Rhode Island was the first to call for a continental congress in 1774 and the first, in 1776, to eliminate an oath of allegiance to the British crown that had been required of colonial officials. Once the Revolution began in earnest, the state suffered considerably. The British occupied Newport for more than three years (1776–79), bombarded Bristol, and foraged for food and firewood extensively in the southern part of the state. Half the people of Newport fled during the occupation, and the British army burned nearly 500 buildings for firewood.
The history of Virginia in the American Revolution begins with the role the Colony of Virginia played in early dissent against the British government and culminates with the defeat of General Cornwallis by the allied forces at the Siege of Yorktown in 1781, an event signaled the effective military end to the conflict.
Although no major Battles of the American Revolutionary War (1775-1783) occurred in Maryland itself, (although the British Royal Navy fleet passed through and up the Bay to land troops at the “Head of Elk”), to attack the colonies’ capital city, this did not prevent the state’s soldiers from distinguishing themselves through their service. General George Washington counted the “Maryland Line” regiment who fought in the Continental Army especially the famed “Maryland 400” during the Battle of Brooklyn in August 1776, outside New York Town as among his finest soldiers, and Maryland is still known as “The Old Line State” today.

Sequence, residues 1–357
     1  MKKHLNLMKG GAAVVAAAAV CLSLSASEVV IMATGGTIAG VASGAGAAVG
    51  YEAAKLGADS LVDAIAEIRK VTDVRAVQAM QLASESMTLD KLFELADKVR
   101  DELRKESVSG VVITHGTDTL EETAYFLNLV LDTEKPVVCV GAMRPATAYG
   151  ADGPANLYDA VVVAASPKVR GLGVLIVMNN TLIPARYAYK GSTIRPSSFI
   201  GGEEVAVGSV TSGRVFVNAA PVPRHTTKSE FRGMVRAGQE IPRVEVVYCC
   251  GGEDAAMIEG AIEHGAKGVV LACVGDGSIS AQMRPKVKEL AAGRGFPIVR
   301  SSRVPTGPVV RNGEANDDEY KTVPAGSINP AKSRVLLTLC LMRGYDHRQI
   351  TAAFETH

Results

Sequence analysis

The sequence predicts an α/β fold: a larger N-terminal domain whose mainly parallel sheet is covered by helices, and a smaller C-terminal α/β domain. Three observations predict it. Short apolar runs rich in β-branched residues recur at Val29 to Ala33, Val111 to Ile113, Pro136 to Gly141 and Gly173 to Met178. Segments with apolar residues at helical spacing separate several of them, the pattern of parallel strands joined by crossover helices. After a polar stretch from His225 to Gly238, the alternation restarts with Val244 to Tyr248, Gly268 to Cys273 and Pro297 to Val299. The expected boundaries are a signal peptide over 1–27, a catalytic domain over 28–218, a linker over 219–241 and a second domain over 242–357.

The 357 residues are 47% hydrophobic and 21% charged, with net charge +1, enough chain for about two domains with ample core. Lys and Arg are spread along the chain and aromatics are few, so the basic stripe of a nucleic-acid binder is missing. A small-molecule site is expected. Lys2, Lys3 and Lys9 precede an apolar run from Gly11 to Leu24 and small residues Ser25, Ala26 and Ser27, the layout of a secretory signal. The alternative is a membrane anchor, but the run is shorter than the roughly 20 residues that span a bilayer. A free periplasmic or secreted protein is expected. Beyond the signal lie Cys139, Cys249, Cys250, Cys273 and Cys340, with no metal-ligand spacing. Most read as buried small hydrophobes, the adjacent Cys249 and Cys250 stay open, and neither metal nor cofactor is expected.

As colonial relations with Britain deteriorated and King George III declared the colonies to be in rebellion, the North Carolina delegates advocated withholding their colony’s naval stores from British use, strengthening the Revolution, and forming a Carolina militia. Several colonies had large groups of Loyalists, including North Carolina, many of these being Scottish highlanders. When the British army occupied the region in 1780 and 1781, North Carolina Loyalists reemerged and waged fierce battles with the Patriots.
South Carolina, like her sister colony to the north, saw the rise of partisan groups over the years before the outbreak of fighting with Britain. The “Tories” or Loyalists were the conservative force, grateful for the protection afforded their commercial interests by the British navy. Over 400 land engagements (battles and skirmishes) took place in South Carolina during the war for independence.
Though Georgians opposed British trade regulations, many hesitated to join the revolutionary movement that emerged in the American colonies in the early 1770s and resulted in the American Revolutionary War (1775–83). The colony had prospered under royal rule, and many Georgians thought that they needed the protection of British troops against a possible Indian attack. News of the battles of Lexington and Concord in Massachusetts caused many Georgians who were wavering in their allegiance to join the radical movement. A group called the Sons of Liberty broke into the powder magazine in Savannah on May 11, 1775, and divided the powder with the South Carolina revolutionaries.